A new requirement may be on the horizon for students who are looking to graduate high school within the next few years. On November 5, State Representative Regina Huff (R-Williamsburg) and State Representative Deanna Frazier (R-Richmond) pre-filed bill request 817, which, if passed, would make completing the Free Application for Federal Student Aid a high school graduation requirement. The Free Application for Federal Student Aid, or FAFSA, is a form that both future and current college students complete in order to determine the distribution of federal and state funding for financial aid. Many colleges ask, if not require, students to fill out the form. However, many students and parents do not complete the FAFSA.

Illinois State Board of Education Seeking Public Input on Student Testing

State education officials are seeking public input on potential significant changes to the annual reading and math tests students take each year. The Illinois State Board of Education announced Thursday it has launched an online survey to get feedback about how to make those tests “more useful, inclusive, equitable and balanced.” “I began my tenure as state superintendent with a commitment to improving Illinois’ state assessments based on feedback from the field,” State Superintendent of Education Carmen Ayala said in a news release. “As a former teacher and district administrator, I know the importance of high-quality assessments that help us understand students’ mastery of the learning standards and tailor instruction to meet students’ needs.”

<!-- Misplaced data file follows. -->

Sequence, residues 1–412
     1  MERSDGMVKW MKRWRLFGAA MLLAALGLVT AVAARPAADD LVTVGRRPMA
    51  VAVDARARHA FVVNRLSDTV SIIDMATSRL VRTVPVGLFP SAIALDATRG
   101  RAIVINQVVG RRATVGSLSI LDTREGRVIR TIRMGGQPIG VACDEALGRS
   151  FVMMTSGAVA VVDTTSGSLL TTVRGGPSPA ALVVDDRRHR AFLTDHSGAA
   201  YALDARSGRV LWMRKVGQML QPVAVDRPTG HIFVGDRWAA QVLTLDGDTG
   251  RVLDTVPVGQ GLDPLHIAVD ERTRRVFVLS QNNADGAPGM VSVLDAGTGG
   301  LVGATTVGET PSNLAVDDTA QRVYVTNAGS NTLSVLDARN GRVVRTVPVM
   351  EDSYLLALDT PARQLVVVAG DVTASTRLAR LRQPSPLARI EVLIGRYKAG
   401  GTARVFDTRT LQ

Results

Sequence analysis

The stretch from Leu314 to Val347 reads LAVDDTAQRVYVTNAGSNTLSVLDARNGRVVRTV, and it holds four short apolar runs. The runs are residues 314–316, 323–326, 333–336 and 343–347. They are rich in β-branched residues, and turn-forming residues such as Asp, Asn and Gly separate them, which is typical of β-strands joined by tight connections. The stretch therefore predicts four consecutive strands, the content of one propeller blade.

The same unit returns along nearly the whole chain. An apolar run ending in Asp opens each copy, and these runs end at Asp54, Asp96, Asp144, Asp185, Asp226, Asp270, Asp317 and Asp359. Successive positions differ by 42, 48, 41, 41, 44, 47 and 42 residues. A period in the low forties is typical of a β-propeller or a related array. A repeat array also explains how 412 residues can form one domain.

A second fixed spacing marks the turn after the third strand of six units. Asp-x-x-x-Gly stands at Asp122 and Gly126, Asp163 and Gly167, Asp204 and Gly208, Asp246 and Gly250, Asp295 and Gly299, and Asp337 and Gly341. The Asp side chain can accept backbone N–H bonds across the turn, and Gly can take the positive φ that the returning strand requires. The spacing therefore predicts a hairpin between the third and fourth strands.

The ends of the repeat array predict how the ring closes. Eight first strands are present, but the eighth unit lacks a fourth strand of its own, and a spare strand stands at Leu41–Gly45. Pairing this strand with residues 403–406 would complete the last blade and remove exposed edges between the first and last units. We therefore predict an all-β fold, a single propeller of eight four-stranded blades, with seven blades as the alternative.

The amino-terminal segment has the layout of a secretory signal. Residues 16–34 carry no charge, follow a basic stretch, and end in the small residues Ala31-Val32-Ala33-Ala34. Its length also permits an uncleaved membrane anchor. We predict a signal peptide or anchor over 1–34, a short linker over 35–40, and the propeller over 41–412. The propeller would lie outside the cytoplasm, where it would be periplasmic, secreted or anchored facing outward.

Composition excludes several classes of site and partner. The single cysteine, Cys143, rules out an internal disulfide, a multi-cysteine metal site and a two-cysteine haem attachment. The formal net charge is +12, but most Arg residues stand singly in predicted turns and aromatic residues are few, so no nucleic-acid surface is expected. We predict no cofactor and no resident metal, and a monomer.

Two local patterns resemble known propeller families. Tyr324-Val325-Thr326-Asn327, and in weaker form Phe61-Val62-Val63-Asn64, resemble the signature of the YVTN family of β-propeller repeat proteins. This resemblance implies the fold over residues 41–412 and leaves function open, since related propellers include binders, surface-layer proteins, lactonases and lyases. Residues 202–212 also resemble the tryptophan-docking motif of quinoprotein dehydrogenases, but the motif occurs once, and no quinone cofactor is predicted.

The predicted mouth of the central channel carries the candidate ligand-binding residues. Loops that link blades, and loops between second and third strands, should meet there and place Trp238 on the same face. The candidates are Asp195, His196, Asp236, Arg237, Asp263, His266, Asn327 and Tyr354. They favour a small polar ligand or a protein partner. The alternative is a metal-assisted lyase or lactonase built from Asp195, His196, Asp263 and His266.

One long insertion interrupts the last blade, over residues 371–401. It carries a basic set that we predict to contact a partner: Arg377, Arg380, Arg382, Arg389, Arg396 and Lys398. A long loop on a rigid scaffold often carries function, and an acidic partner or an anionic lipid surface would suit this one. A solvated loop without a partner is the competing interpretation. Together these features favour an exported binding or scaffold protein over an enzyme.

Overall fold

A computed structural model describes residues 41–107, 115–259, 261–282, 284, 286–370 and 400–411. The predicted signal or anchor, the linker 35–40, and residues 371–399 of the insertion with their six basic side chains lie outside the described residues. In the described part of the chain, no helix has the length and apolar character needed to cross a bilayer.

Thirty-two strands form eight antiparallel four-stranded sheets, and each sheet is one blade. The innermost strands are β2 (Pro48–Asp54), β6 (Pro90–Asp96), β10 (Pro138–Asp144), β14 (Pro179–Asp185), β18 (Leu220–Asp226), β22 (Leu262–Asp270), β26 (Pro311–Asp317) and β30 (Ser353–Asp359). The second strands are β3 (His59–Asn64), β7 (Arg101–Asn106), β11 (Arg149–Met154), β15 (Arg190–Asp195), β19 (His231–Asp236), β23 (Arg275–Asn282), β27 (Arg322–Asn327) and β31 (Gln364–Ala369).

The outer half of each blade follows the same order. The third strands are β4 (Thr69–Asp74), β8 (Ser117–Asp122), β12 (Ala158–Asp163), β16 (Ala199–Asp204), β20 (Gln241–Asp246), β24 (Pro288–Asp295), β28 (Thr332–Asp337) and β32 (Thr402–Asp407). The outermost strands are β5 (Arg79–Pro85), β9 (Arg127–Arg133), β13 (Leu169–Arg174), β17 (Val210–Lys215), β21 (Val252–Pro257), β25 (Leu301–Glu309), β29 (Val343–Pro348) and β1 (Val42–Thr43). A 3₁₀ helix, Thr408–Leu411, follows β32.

What’s Lost When Black Children Are Socialized Into a White World

Jessica Black is a Pittsburg, California, mother of two black teenagers, both of whom have been disciplined multiple times at their middle and high schools. Her daughter has been suspended more than once, and teachers often deem her son’s behavior out of line, reprimanding him for not taking off his hoodie in class and for raising his voice. In observing her own family and others, Black has noticed a pattern: Behaviors that many black parents might consider annoying but developmentally appropriate, such as an ill-timed joke or talking back to an adult, are treated by school staff as cause for suspension. From there, students are pushed out of classrooms, lose learning time, and can end up in the school-to-prison pipeline. “It’s a totally different environment, a totally different culture,” Black said when we spoke in July 2018.

Illinois Education Association Wins Emmy for IEA Teacher Stories